The accelerating spread of COVID-19 in South Africa could be a precursor to what will happen in the rest of Africa, said World Health Organization executive director of emergencies, Dr. Mike Ryan.

“I think this isn’t just a wake-up call for South Africa, We need to take what is happening in Africa very seriously,” said Ryan at the WHO weekly news conference in Geneva on Monday. “Many of those countries exist in the midst of fragility and conflict, many of them need external help support.”

AP

Uganda coronavirus: Museveni hails ‘scientific’ relaxation of restrictions

July 22: Museveni further relaxes restrictions

President Yoweri Museveni on Tuesday evening delivered his 19th address on the COVID-19 situation and related matters. He touched on a raft of issues – lifting and easing restrictions in part and maintaining them on other issues.

“Our health workers have spent 4 months in the hospitals [some] without going home, they risk their lives to look after / treat people. When we are begging you to be careful it is also that we protect these selfless people,” the president said.

A key part of the address that has social media buzzing is the president’s reference to how scientific the latest decisions are. The president underlined the importance of scientific work and said it was why scientists needed to be paid well.

“We shall not accept anything that threatens life. That is why I involve our scientists in everything I do. We are fortunate to have good scientists. If you attack our scientists, I can tell you to go to hell,” he said.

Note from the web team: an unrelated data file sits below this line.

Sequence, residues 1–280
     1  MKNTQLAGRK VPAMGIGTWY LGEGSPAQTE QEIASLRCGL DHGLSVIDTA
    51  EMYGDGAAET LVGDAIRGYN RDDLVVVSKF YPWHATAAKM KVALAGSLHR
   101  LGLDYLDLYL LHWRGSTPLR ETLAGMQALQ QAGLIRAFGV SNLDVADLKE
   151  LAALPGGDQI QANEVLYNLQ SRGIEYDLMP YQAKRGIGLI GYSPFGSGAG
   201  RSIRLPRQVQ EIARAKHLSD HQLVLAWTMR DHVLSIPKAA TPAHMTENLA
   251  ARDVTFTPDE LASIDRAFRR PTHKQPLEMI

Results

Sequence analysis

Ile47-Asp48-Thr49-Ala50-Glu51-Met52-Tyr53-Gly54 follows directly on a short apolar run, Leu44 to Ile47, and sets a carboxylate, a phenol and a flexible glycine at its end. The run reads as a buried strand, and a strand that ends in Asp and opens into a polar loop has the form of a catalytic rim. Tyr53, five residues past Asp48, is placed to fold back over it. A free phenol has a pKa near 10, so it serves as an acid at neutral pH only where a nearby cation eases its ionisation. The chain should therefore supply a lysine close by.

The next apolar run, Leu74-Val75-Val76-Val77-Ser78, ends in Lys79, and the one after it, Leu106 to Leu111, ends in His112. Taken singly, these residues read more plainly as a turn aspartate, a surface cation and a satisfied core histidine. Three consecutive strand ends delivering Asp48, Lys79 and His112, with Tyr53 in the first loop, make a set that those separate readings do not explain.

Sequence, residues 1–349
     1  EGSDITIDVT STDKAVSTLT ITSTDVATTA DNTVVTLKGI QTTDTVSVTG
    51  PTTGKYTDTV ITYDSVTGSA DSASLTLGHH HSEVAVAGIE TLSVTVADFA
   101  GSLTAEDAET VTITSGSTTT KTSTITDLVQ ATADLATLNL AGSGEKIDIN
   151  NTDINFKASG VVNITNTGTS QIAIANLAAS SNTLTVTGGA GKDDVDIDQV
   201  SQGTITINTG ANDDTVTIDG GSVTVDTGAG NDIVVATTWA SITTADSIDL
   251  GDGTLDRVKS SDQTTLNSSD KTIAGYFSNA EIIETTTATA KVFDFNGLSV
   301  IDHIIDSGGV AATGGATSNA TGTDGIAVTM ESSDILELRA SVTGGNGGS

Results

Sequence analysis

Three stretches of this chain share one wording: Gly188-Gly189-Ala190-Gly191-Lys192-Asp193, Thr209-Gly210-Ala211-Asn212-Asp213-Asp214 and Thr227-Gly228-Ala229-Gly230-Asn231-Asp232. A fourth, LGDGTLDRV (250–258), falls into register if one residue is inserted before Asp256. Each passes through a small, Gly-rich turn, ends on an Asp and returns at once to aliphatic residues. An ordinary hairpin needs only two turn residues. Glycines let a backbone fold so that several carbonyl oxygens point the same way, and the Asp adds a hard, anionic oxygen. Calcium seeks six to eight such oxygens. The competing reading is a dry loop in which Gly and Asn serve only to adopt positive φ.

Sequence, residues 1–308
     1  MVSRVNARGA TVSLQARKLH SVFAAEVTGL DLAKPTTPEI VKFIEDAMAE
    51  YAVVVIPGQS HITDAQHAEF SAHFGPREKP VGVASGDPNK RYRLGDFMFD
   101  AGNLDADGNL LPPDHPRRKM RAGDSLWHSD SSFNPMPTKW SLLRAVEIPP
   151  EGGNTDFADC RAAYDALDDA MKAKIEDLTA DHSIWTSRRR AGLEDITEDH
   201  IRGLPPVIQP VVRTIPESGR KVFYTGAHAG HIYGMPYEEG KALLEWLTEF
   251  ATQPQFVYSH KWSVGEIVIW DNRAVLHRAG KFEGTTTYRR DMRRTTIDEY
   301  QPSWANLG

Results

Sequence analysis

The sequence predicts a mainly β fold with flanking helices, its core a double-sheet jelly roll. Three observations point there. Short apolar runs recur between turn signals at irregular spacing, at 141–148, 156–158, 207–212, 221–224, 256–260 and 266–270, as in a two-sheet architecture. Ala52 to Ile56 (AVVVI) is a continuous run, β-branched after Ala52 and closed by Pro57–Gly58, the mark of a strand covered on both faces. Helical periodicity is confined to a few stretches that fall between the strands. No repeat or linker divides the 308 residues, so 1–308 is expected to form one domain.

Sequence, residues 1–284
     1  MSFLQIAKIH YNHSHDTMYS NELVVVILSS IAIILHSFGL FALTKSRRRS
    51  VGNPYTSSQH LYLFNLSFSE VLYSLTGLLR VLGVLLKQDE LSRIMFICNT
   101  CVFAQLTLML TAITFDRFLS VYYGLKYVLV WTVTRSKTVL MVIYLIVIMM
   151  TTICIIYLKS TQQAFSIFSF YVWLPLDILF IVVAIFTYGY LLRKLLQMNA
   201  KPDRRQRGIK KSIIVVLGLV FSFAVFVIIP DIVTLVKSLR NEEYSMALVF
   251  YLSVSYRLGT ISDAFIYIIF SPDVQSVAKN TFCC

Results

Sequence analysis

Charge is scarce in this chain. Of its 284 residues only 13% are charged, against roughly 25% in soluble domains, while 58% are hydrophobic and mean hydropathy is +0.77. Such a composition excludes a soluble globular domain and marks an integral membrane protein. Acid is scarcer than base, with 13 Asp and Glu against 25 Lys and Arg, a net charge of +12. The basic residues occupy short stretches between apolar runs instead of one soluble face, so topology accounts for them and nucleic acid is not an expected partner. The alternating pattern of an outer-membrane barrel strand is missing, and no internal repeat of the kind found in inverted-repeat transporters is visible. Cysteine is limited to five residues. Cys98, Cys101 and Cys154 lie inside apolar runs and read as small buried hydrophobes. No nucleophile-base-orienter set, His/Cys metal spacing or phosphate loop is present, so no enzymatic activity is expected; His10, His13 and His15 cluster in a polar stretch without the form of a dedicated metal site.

He also reported to have said scientists will be involved in processes leading to reopening of places of worship. For people reacting on social media, they want to know who exactly are the president’s scientists.

The key takeaways included:

  • Reopen of some arcades / shopping centers provided they fulfil the following: have temperature monitors, ensure social distancing, hand washing, no traders in the corridors, verandas & roadsides.
  • Salons to be allowed to operate [with immediate effect] on condition that they ensure all [customers] wear face masks and operators wear face shields.
  • Public service motorcycles a.k.a boda bodas to begin operations effective 27th July 2020. They must register passengers, wear masks plus helmets, ensure passengers wear mask and operations end at 6pm.
  • The international airport, schools, places of worship will remain closed.
  • The president also reduced night-time curfew by two hours – it will now start at 9:00pm to 5:30 am.

On the closure of airspace to passenger traffic, the president said the measure will be in place “until the situation abroad settles down because there is so much chaos in foreign countries. I know we are losing a lot of money, but life is better than wealth,” the president stressed.

  • Confirmed cases = 1,072